Continuing our series on agriculture, the U.S. is the world’s leading exporter of food and other agricultural products. However, while agriculture’s role in the U.S. economy remains significant, the industry’s future faces many challenges. As we have stated before, farms alone account for less than 1% of U.S. GDP today, compared to more than 3% in the early 1960’s. There has also been a significant change in the labor force required for agricultural product and the average pay these jobs earn.
One of the major reasons for the jobs decline in agriculture is mechanical innovations that have reduced the need for manual labor. Furthermore, in the late 1950s, the U.S. economy had more than 8 million workers supporting agriculture. Today, agricultural-related employment hovers around 2.3 million. Simultaneously, other sectors of the economy have grown, offering new and more appealing opportunities in different fields and professions. Working conditions for agricultural workers are also some of the most difficult and hazardous of any profession, and these workers face some of the lowest wages of any profession in the U.S. According to BLS data, the median pay for farming, fishing, and forestry occupations is less than $30,000 per year, or about 30% below the median of $41,950 across all occupations.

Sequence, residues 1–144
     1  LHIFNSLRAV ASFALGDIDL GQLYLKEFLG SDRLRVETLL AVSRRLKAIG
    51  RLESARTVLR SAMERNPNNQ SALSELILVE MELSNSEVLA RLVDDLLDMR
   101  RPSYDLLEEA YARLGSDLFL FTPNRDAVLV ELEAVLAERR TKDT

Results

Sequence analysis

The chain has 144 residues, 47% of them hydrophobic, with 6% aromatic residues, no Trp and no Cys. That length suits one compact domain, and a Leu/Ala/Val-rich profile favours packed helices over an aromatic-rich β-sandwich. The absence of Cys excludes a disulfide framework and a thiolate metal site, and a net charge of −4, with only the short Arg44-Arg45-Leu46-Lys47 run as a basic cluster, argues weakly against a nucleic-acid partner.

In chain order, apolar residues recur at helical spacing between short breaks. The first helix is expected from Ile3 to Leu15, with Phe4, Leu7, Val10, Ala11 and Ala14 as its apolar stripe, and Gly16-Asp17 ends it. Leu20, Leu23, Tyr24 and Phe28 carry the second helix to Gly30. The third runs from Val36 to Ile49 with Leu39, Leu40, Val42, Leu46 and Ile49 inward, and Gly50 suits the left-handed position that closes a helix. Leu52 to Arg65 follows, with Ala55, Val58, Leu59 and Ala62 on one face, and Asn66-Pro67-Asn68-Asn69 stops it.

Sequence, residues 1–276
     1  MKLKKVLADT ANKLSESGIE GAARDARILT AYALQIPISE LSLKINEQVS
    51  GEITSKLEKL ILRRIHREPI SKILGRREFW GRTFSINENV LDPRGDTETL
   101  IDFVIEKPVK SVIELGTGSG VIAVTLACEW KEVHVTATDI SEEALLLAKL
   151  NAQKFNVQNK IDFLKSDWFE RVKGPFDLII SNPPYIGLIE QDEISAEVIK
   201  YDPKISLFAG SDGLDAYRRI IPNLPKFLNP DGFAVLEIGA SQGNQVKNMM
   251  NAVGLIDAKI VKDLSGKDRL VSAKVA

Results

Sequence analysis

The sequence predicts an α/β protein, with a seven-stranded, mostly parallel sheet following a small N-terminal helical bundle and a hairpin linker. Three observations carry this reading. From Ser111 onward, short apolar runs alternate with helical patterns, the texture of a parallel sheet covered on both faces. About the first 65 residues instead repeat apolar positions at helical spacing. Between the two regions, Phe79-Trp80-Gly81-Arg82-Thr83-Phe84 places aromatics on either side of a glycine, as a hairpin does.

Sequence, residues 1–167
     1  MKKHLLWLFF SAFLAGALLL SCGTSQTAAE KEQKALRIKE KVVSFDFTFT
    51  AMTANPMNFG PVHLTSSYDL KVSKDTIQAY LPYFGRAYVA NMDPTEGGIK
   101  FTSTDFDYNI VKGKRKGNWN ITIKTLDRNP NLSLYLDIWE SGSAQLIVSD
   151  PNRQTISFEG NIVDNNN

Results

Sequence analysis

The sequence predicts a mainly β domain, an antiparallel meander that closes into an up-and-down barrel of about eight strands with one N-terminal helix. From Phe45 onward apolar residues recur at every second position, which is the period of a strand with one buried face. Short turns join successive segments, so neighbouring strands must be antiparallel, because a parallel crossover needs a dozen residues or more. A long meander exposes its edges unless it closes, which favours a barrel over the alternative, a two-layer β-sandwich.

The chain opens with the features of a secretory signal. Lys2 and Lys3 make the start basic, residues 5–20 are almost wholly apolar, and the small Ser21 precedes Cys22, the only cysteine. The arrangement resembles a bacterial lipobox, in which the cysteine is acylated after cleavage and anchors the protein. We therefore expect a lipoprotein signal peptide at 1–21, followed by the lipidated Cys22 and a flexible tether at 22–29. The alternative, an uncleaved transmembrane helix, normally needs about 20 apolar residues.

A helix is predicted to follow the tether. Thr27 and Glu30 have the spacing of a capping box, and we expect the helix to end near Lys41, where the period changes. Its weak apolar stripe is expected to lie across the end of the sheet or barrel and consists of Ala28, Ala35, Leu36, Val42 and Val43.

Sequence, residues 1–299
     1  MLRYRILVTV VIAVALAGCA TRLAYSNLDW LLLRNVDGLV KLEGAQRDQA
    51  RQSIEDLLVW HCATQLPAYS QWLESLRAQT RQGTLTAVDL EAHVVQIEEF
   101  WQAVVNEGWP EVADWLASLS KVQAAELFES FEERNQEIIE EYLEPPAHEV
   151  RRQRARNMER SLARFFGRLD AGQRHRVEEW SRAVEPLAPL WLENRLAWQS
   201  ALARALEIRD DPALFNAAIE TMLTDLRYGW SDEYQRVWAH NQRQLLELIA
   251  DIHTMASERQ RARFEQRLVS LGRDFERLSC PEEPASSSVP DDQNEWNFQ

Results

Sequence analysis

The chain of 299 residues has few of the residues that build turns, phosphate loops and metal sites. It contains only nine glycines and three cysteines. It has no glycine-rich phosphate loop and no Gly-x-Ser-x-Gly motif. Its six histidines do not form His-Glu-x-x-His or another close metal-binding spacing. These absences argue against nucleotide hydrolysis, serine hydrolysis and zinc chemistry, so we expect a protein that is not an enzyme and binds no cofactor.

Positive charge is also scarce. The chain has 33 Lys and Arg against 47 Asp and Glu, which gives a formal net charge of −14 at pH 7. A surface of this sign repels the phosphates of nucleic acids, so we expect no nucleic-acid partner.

In Virginia, agricultural workers, which include farming, fishing, and forestry occupations, earn a median, cost-of-living-adjusted $32,883 per year, topping the nationwide median of $29,670.
For more information, a detailed methodology, and complete results, you can find the original report on Commodity.com’s website: https://commodity.com/blog/agricultural-wages/